# Highly Recommended《Bran-New +2016 Hardcover Edition + Future Map For Next Generation of Leadership, Startup, Entrepreneurship and Business Innovation》Steve Case - THE THIRD WAVE : An Entrepreneur’s Vision of the Future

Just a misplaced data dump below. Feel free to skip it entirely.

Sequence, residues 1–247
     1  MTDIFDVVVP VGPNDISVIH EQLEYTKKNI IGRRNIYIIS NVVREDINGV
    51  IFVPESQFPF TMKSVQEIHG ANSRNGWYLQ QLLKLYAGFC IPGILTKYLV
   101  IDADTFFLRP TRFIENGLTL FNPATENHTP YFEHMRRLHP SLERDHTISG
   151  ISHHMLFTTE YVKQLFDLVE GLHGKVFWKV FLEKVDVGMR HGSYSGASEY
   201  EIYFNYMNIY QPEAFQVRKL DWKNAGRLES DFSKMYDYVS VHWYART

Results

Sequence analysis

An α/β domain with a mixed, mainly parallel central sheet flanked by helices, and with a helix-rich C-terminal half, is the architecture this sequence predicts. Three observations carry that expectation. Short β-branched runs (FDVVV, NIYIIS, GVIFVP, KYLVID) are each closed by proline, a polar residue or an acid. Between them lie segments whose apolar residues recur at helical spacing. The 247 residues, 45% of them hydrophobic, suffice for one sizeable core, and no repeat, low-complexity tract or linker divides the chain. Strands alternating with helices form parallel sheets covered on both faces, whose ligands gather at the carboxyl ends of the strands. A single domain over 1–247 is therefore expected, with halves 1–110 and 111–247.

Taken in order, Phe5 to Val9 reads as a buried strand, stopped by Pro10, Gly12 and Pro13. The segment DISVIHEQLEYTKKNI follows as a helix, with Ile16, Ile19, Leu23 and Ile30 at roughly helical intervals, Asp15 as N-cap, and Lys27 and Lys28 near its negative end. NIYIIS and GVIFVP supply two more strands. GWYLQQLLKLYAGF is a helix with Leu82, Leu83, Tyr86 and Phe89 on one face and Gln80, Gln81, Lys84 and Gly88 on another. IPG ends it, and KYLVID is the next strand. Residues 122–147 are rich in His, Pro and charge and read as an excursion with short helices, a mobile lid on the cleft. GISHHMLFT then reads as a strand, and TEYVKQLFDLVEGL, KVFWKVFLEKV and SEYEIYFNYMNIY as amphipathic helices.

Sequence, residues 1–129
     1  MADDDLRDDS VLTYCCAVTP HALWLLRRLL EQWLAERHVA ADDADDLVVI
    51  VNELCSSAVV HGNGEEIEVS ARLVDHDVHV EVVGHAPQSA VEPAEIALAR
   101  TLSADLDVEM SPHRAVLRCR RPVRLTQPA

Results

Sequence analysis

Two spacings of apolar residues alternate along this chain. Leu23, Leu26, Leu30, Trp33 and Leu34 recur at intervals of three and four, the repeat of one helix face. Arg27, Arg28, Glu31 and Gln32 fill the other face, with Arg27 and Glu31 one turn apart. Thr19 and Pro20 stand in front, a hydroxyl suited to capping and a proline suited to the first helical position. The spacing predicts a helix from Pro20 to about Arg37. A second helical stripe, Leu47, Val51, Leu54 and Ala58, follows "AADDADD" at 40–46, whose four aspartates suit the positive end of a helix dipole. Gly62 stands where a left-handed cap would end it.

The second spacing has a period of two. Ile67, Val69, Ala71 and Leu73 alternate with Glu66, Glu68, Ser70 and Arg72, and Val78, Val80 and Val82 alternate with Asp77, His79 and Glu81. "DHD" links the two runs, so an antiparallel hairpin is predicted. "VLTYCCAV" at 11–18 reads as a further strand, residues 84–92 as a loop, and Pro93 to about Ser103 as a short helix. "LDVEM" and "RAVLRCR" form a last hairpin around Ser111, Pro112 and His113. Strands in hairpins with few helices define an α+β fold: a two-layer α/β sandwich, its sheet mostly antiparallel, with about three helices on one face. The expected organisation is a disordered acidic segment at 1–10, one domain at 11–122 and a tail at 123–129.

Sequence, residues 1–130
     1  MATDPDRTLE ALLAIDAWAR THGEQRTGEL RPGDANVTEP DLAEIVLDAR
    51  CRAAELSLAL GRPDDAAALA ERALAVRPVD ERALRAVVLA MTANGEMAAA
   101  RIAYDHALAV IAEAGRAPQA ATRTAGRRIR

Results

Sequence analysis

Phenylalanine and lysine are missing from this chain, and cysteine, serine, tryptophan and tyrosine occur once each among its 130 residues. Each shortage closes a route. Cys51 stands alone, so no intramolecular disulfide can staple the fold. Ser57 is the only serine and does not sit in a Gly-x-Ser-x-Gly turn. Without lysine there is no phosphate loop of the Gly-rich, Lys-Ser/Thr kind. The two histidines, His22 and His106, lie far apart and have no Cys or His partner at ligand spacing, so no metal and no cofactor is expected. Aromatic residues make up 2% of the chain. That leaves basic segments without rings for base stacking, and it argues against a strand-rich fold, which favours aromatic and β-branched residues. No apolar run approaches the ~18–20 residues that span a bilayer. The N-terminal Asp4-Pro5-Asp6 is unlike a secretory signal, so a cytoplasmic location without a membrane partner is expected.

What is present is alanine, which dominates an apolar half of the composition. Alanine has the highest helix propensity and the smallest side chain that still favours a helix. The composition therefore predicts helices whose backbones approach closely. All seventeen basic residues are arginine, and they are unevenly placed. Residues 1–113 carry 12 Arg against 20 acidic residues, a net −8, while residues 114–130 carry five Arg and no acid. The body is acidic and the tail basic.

This Highly Acclaimed International Bestseller in hardcover edition is a bran-new book and nicely wrapped with protective book-wrapper. The original new book is sold at usual price RM 121.68 (Hardcover). Now here Only at RM30. NEW YORK TIMES BESTSELLER WALL STREET JOURNAL BESTSELLER One of America’s most accomplished entrepreneurs—a pioneer who made the Internet part of everyday life and orchestrated the largest merger in the history of business—shares a roadmap for how anyone can succeed in a world of rapidly changing technology. Steve Case was on the leading edge of the Internet revolution when he cofounded AOL . He was an entrepreneur in a business that hadn’t even been invented, yet he saw how significantly his efforts could change not only America, but the world. In The Third Wave, Case uses his insights garnered from nearly four decades of working as an innovator, investor, and businessperson to chart a path for future visionaries. In The Third Wave Steve Case predicts that we’re at the dawn of the next technological revolution unlike anything we’ve seen before—the Third Wave of the internet— that will transform the economy and the way we live our lives. Steve Case’s career began when he cofounded America Online (AOL) in 1985. At the time, only three percent of Americans were online. It took a decade for AOL to achieve mainstream success, and there were many near-death experiences and back-to-the-wall pivots. AOL became the top performing company of the 1990s, and at its peak more than half of all consumer Internet traffic in the United States ran through the service. After Case engineered AOL’s merger with Time Warner and he became Chairman of the combined business, Case oversaw the biggest media and communications empire in the world. In The Third Wave, which pays homage to the work of the futurist Alvin Toffler (from whom Case has borrowed the title, and whose work inspired him as a young man), Case takes us behind the scenes of some of the most consequential and riveting business decisions of our time while offering illuminating insights from decades of working as an entrepreneur, an investor, a philanthropist, and an advocate for sensible bipartisan policies. We are entering, as Case explains, a new paradigm called the “Third Wave” of the Internet. The first wave saw AOL and other companies lay the foundation for consumers to connect to the Internet. The second wave saw companies like Google and Facebook build on top of the Internet to create search and social networking capabilities, while apps like Snapchat and Instagram leverage the smartphone revolution. Now, Case argues, we’re entering the Third Wave: a period in which entrepreneurs will vastly transform major “real world” sectors like health, education, transportation, energy, and food—and in the process change the way we live our daily lives. But success in the Third Wave will require a different skill set, and Case outlines the path forward. The Third Wave is part memoir, part manifesto, and part playbook for the future. With passion and clarity, Case explains the ways in which newly emerging technology companies (a growing number of which, he argues, will not be based in Silicon Valley) will have to rethink their relationships with customers, with competitors, and with governments; and offers advice for how entrepreneurs can make winning business decisions and strategies—and how all of us can make sense of this changing digital age. Everyone , entrepreneur, startup out there should grab a copy of The Third Wave: An Entrepreneur’s Vision of the Future by Steve Case and read it. If you don’t know Steve, you’ve probably heard of him. He’s had a remarkably entrepreneurial journey starting with co-founding AOL in the 1980s. While AOL has now been absorbed into Verizon (after having been bought, spun out, and bought again) at its peak around 2000 nearly half of all Internet users in the US accessed the internet via AOL and everyone over the age of 40 knows how to say “You have mail.” This is an important book that I think will stimulate a lot of thinking about the future for any entrepreneur. It also helps understand the potential futures better by reflecting on the past through Steve’s own journey, especially around AOL. The book is really about what Case calls the "Third Wave." For Case, this goes beyond just the Internet-of-Things mentality, and is a movement toward completely digitized products and services. Case talks about digitizing the health and education systems in the United States, and how this will improve service time and efficiency, reduce costs, and create a system that can be analyzed through the collection of data and information. Case's Third Wave consists of more than just entrepreneurship, however, and he offers advice to coming start-ups on what to look out for within this wave, based upon current industry trends and best practices offered through stories on Cases time at AOL and beyond. Case believes that entrepreneurs will need to engage with a number of ideals right from the start-up to be successful. The first is Partnerships. Case examines AOL's past history with partnerships, and the struggles internal politics created within his Time-Warner/AOL merger. This eventually led to a declining and failing AOL, as other services took the helm. Case advocates for smart partnerships, where autonomy and innovation are the key to success. Case decries the difficulty many start-ups have in getting funded - both from private and public groups, due to the fear of risk in the market. Case talks up risky investment opportunities that are handled with care, and come from a deep insider's look at the industry in question. He also advocates for the importance of maintaining relationships within one's industry, which can bring unexpected benefits when future investment opportunities arise, and allow start-up firms to sell their products easier by smoothing the road to investment with known entities (ie. well connected individuals in the industry). The second principle is the most interesting to me: Policy. Case acknowledges the naive conflicts between business and government, which is often more to do with personal conflicts and misunderstanding than anything else. In the Third Wave, the government's of many countries will be struggling to legislate new products and services (think Uber), in order to take advantage of the various positive externalizes new businesses can offer, while maintaining a proper legislative ceiling on potentially dangerous tech and services. This differs from the Wild West feel of the First Wave, where government was much more hands off in the United States. New entrepreneurs have opportunities to work closely with government agencies that will be looking to take advantage of technological innovations, both through R&D, and to innovate. Think about a transportation department which wishes to place chips in roadways to monitor potholes and traffic flow to improve transportation efficiency. The government will play a big role in the Third Wave, according to Case, by being both an investment partner, and a customer. The third principle is perseverance. Case ties this in with his inglorious end at AOL, and his subsequent work with his investment firm Revolution, and work with the US government in the start-up funding field. Case argues that the Third Wave will look different than the First or Second. Tech companies will move away from areas like Silicon Valley to save on costs (real estate, for example) and create new centres all over the US, and the world. Entrepreneurs need to remain vigilant to trends, and to create new ones if possible. Investors may enjoy this move because it may lower the cost of investment if companies exist outside of pricey and established markets, and also improve Returns due to the decreased overhead (and potentially, the desperation of the start-up for funds). However, the Third Wave, in Case's mind, is off to a good start, and investment firms look to apply new techniques that transcend basic return-only mentality. Investment firms are increasingly taking into account the impact their investment will have on a particular industry, as this may be attractive to investors. Case's book is most interesting when he examines policy. He looks at the changing landscape of the US's venture capital market and its start-up environment. He criticizes the lagging US R&D field, as nations around the world seek to capitalize on America's weakness in this area by creating favourable investment climates for start-ups. Tied into this is the US's strict immigration laws, which Case says is seeing talent drain away. The United States is a popular destination for foreign students, which the government welcomes as a cash cow, but then these graduates are often hampered from immigrating to the States, and the potential influx of educated individuals will move on to greener fields. “In the Third Wave, Steve Case has drafted a compelling roadmap for the future – one that can help us make sense of the technological changes reshaping our economy and the world. A fascinating read.” — Sheryl Sandberg, Facebook COO and founder of LeanIn.Org “I've been waiting to read Steve's story and I wasn't disappointed. His business career is straight out of Horatio Alger and carries important lessons for all entrepreneurs.” — Warren Buffett, CEO, Berkshire Hathaway “We are at the beginning of the next industrial revolution where the combination of software and industrial machines is building the foundation for a new wave of innovation. With clarity and passion, Steve provides a manifesto for the future of innovation and entrepreneurship. It's a must read from a visionary leader for entrepreneurs, corporate executives, and anyone trying to succeed during the Third Wave." — Jeff Immelt, Chairman and CEO, GE About the Author Steve Case is one of America’s most accomplished entrepreneurs—a pioneer who made the Internet part of everyday life and orchestrated the largest merger in the history of business between America Online (AOL) and Time Warner. Case’s entrepreneurial career began when he cofounded AOL, which became the top performing company of the 1990s. At its peak, nearly half of Internet users in the United States signed on through AOL. As chairman and CEO of Revolution, a Washington, DC based investment firm he cofounded in 2005, Case partners with visionary entrepreneurs to build businesses such as Zipcar, LivingSocial, Sweetgreen, and many others. Case was the founding chair of the Startup America Partnership—an effort launched at the White House to accelerate high-growth entrepreneurship throughout the nation. A member of the Presidential Ambassadors for Global Entrepreneurship, Case also serves as Chairman of the Case Foundation, which he established with his wife Jean in 1997.